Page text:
Why Christians don’t pray – Part 2

This is the second part to this post.  The first is available here

Last week, I suggested that a primary reason why Christians don’t pray is because many of us fail to cultivate true openness with God.  And coincidentally this week I came across a relevant Bible verse which talks about pouring out our hearts to Him:  Psalm 62v8
Trust in Him at all times, you people;
Pour out your heart before Him;
God is a refuge for us. Selah

Here are a few other reasons I have come across why Christians don’t pray

Failure to deeply believe the Bible
On writing this, I am thinking that this might compete with the reason given last week as the main reason why Christians don’t pray.
I think that most Christians would say that they believe the Bible, they believe in God, they believe in His commandments.  And they would be sincere about it. However, after being around Christians for so long I think it is fair to say that many Christians only believe the Bible so far.  It is almost as if there is a quiet agreement amongst many Christians and fellowships to ignore the difficult or challenging parts of the Bible, the parts that call us to invest absolutely everything we have into the pursuit of God, with all the energy and effort that we can possibly muster. Where the Bible describes people such as Elijah whose prayers brought fire down from heaven and Daniel who fasted for 21 days, we in modern Western faith have exchanged their zeal and raw passion for cosy convenience, comfortable meetings with lots of tea and cake.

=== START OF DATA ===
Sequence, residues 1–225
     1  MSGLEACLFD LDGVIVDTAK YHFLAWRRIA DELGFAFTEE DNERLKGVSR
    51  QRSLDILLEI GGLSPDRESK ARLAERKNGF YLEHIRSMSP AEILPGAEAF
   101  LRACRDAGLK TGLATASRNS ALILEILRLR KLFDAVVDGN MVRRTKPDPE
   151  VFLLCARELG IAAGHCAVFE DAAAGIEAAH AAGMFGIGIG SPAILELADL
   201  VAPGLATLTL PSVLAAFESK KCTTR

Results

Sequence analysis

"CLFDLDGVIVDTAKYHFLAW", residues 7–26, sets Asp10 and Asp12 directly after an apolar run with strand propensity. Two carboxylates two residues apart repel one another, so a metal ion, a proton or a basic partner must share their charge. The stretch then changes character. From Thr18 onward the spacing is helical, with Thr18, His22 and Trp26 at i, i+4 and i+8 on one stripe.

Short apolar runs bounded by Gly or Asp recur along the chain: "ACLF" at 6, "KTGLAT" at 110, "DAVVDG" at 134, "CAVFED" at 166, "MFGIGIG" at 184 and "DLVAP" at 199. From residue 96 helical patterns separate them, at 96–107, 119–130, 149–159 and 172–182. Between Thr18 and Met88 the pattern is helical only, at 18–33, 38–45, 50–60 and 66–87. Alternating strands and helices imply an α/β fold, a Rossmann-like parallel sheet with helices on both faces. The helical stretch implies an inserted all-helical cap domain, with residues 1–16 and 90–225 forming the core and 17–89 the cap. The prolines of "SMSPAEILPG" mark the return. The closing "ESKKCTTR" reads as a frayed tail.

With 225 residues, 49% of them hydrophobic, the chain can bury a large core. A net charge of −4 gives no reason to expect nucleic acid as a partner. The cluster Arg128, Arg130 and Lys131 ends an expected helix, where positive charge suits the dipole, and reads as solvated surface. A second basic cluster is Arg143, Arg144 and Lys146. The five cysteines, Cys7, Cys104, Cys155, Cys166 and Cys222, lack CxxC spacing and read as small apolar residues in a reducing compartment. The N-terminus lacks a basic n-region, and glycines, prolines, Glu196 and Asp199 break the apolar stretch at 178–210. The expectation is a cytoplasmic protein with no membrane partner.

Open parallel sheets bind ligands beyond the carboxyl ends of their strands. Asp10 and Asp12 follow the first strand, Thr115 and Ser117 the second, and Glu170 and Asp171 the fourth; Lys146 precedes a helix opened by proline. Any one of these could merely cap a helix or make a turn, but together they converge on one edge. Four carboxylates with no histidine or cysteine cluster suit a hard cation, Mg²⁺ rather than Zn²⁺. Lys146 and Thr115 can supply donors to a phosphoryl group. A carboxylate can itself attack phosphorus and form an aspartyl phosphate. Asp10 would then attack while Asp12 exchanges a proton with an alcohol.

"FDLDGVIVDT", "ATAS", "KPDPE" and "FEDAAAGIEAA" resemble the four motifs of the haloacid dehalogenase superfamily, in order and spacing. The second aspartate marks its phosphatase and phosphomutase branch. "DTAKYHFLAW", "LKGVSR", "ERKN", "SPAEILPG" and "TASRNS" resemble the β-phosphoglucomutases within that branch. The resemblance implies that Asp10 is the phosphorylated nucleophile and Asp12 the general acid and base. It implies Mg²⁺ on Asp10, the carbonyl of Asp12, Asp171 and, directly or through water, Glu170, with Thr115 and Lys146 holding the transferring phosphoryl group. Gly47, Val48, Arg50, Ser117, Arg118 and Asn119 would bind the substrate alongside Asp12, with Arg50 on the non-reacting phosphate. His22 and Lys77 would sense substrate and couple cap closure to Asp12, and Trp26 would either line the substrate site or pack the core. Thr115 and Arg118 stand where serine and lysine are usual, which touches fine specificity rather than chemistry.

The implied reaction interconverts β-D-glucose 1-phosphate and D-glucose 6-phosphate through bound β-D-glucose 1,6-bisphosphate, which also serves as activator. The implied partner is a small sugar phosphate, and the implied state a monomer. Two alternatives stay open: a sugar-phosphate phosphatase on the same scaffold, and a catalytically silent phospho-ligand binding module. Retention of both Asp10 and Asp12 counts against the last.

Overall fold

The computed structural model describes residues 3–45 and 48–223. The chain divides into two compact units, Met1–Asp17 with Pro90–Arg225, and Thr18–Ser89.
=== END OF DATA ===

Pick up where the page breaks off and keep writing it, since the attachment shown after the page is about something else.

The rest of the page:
Many Christians I know behave as if it would be “unrealistic” to expect or strive after the power of God as demonstrated in the Bible. It is as if there is an unspoken consensus that the amazing things written in the Bible are largely hyperbole for dramatic effect.  Because many Christians don’t believe that God really can do those things through us, for these same Christians it is utterly unthinkable that they would invest the necessary prayer to see these things happen. And yet, imagine if we could see similar things today. I believe we can.  The Bible says in the book of James:  “Elijah was a human being with a nature like ours, and he prayed…”[…and amazing things happened]. James 5 verse 17
(Many translations translate this verse as “Elijah was a man with a nature like ours”, however the Greek “anthropos” refers to the word for a human being rather than a male person specifically – so it is not as if Elijah-like prayer need be the exclusive preserve of male people!)